Wi-Fi

Download our wireless policy template

Use our template to help you create a policy document that can protect your company against potential security breaches and equipment losses, and help you clearly define appropriate use of company hardware both inside and outside of the office.

There’s no question that enterprises should have a wireless policy in place. As a recent article, “Why you need a wireless policy,” points out, security risks and increasing corporate user demand for wireless devices require today’s enterprises to establish a formal policy on device distribution, use, and specific vendor requirements.

And, although research firm In-Stat/MDR expects the number of business wireless data users to grow from 6.6 million at the end of 2001 to more than 39 million in 2006, just 15 percent of CIOs report that they’ve put a wireless policy in place, and only another 8 percent are working on one, according to a recent TechRepublic poll.

Wireless policies are rare in today’s enterprises.


The value of a wireless policy
Whether it’s to head off pirate projects or to provide guidance for a new deployment or enhancements to an existing system, a wireless policy is a necessity and should dictate everything from the devices and platforms supported to security measures, access privileges, and what constitutes appropriate use.

To assist tech leaders, TechRepublic has created a wireless policy template that can be customized to fit any enterprise’s needs. This template will help you create a policy document that can protect your company against potential security breaches and equipment losses, and help you clearly define appropriate use of company hardware both inside and outside of the office.

According to policy experts, a wireless policy should explain that although the devices may be taken physically out of the office, the devices and the passwords are both to remain company property at all times. In addition to having a formal policy, companies also need to keep comprehensive lists of all employee passwords so that in the event the employee resigns or is terminated, he or she will not be able to keep using the device or lock the company out of any systems.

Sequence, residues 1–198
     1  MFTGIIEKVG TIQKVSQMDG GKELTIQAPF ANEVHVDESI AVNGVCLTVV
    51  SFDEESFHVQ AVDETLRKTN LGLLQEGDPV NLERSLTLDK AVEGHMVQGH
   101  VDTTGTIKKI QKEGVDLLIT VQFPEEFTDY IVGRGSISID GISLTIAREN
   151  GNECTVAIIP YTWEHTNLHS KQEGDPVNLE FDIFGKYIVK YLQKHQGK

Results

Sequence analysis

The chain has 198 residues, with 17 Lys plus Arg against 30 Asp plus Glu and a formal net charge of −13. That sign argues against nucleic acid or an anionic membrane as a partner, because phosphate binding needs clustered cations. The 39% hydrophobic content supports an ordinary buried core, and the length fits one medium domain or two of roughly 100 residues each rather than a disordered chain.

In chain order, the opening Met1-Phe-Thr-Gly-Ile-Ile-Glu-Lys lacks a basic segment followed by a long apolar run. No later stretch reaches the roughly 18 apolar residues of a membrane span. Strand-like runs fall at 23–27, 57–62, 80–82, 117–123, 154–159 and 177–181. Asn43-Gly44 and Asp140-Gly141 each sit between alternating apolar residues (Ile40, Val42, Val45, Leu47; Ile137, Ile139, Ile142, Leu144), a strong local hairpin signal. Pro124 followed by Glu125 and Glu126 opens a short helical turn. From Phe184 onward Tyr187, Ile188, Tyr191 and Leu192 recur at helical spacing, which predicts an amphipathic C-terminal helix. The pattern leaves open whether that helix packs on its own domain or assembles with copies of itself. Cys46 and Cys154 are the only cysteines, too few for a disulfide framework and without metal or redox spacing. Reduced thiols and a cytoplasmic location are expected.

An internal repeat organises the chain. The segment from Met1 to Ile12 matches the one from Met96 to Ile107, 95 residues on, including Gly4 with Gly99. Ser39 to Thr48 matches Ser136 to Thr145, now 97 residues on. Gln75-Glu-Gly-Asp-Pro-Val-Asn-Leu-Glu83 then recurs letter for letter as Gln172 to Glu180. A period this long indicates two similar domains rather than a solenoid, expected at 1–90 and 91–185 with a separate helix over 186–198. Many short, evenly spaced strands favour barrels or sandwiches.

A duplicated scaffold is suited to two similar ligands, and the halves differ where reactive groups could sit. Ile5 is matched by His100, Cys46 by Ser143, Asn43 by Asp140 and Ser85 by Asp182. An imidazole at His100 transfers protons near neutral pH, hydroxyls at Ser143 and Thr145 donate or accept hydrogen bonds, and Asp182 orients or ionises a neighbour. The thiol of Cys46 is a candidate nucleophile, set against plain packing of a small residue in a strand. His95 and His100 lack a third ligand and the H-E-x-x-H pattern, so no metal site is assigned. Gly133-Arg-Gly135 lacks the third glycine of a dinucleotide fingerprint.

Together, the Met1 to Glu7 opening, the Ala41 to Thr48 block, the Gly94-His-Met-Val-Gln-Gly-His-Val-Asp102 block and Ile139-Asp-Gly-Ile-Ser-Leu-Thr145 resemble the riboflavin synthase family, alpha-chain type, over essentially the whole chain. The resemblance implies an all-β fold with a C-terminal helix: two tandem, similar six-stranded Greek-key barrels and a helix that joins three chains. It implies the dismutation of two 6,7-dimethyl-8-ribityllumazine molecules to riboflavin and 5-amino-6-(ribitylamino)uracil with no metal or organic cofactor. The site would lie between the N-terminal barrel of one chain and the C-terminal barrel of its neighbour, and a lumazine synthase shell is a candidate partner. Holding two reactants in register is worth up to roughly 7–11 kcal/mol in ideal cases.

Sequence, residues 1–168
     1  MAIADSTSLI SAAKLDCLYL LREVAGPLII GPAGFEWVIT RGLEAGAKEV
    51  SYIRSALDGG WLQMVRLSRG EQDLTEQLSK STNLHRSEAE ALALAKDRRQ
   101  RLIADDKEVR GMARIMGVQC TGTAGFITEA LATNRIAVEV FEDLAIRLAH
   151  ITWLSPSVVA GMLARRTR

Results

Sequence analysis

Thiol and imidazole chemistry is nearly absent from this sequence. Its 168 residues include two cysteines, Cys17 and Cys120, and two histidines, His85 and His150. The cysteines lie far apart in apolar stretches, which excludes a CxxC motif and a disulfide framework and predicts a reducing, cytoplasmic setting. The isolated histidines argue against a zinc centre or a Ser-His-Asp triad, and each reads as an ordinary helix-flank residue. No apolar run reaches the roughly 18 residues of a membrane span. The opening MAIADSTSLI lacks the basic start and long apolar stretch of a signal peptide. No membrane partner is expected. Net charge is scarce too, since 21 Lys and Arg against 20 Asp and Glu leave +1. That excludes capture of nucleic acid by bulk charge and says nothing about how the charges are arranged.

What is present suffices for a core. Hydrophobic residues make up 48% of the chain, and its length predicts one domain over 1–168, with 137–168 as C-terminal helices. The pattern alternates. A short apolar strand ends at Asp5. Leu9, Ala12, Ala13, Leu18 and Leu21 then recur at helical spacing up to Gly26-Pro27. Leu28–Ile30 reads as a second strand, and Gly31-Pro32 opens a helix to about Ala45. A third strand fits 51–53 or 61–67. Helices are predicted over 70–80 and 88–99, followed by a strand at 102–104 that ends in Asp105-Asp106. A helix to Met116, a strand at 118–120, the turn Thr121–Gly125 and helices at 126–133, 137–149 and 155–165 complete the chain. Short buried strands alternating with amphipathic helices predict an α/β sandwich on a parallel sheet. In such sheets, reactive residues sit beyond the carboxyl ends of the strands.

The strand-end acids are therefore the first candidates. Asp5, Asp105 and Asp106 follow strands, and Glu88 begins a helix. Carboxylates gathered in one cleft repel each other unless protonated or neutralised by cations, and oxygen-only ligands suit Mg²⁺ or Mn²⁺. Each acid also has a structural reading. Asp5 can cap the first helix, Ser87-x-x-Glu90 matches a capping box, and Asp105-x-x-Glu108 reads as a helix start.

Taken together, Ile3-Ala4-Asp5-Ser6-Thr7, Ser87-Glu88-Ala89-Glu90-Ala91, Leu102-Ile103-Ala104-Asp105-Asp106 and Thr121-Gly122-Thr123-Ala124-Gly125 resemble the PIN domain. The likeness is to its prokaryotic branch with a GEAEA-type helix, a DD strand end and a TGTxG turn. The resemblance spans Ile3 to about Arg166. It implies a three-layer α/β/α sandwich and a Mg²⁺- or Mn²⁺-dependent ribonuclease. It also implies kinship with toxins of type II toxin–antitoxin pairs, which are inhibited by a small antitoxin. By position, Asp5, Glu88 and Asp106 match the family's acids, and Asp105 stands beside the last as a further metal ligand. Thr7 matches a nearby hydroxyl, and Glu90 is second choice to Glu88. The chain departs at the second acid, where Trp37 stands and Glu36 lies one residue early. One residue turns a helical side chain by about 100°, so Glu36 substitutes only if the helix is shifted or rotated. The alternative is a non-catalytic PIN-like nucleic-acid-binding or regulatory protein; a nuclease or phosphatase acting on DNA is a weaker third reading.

Today’s wireless policy should also state that the company has the right to monitor all electronic correspondence—including e-mail and Internet activity.

Even if your enterprise has already widely deployed wireless devices, it’s never too late to implement a policy, so grab the TechRepublic wireless policy template and get started.
3 comments
seanferd
seanferd

And if we couldn't find it in 2008, I suspect 2011 holds not a better chance. Further, such a template may be of no use, being so dated. See this related article: http://www.techrepublic.com/article/why-you-need-a-wireless-policy/5030635 Wow. If you search the internet for "wireless policy template", top result point to this ancient ancient article. Other articles point to this article. http://www.google.com/search?q=%22wireless+policy+template%22&btnG=Search&num=50 Geez, Internet, it's a bit of a disappointment. Better: http://www.google.com/search?q=corporate+wireless+policy&btnG=Search&num=50

dmero
dmero

Its hard to rate a page with a broken link. Especially when the link is the focus of the page.

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